A new console-like platform for Valve's massively popular storefront and game distribution system could be arriving as early as this year according to a report released Saturday by German website Golem.de.
The site quotes Valve electronics engineer Ben Krasnow, who announced a Linux-based PC-game-console, codenamed "Steam Box" will be released in 2013. Rumors have been abound for months that the "Half-Life" developer has been working on a hardware platform of its own to compliment its digital distribution system. The real shocker is that the new system will be based on open-source operating system Linux instead the more popular Microsoft Windows. Founder Gabe Newell has been outspoken as of late against the Redmond, Wash.-based software giant's latest release, Windows 8. Combined with the recent release of a Linux Steam platform and compatibility with some of Valve's most popular games, this news is more believable.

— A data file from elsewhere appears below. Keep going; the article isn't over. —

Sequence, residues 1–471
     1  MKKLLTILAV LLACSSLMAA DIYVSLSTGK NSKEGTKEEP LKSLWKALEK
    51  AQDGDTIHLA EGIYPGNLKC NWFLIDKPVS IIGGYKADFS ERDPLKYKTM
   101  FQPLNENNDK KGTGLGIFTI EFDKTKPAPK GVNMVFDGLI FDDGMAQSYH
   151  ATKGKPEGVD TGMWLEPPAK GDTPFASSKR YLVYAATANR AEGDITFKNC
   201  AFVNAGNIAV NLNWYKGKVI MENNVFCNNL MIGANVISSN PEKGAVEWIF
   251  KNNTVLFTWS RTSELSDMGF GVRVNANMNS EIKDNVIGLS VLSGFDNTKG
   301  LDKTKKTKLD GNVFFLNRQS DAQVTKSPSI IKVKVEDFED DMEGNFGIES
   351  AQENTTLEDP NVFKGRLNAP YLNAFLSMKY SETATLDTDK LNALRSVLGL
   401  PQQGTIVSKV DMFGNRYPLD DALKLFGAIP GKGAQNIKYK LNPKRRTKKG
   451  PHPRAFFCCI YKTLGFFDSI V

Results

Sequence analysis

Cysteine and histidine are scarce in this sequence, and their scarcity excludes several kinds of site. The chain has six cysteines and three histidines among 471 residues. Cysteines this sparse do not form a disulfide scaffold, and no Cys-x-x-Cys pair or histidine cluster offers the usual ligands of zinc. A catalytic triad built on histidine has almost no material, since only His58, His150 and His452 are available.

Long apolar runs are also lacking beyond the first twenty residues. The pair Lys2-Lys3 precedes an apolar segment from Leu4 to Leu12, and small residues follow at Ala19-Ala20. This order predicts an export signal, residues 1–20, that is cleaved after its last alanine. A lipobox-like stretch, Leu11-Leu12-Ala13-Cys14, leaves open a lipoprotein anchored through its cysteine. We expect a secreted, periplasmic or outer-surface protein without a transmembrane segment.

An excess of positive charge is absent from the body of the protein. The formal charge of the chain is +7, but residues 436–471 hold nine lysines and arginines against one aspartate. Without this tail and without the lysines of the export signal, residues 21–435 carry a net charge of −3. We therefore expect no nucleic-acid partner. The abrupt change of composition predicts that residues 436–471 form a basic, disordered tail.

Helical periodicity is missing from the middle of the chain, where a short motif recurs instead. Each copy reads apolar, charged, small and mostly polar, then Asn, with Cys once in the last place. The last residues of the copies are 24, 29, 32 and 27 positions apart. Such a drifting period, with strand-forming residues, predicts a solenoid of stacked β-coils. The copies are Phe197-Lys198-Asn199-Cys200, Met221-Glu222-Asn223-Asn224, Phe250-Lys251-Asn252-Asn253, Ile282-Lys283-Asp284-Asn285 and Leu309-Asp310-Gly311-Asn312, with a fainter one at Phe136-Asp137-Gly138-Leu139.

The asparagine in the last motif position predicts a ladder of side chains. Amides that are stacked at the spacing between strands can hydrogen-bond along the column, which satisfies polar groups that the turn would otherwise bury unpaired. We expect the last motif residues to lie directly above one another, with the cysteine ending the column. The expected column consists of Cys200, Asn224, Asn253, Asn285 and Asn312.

"The hardware lab has some secret projects that will be released in 2013. We have a good group of electronic -- and mechanics -- engineers and we are glad to build some really cool things," Krasnow said.
There's no word on how the console will work. It could be something as basic as a medium-range computer built in a small case with controllers, or mouse and keyboard support. Or it could be something more substantial, such as a full console with a Linux-based operating system that would sit alongside the "big three" of the new Xbox, Playstation and Wii U consoles.
The two most obvious events to debut the "Steam Box" will be the upcoming Games Developer Conference (GDC), which begins March 25 in San Francisco, Cali., or the Electronic Entertainment Expo (E3), which begins June 11 in Los Angeles. Both Sony and Microsoft are expected to reveal their next platforms this year as well, making for a packed 2013 for video game fans.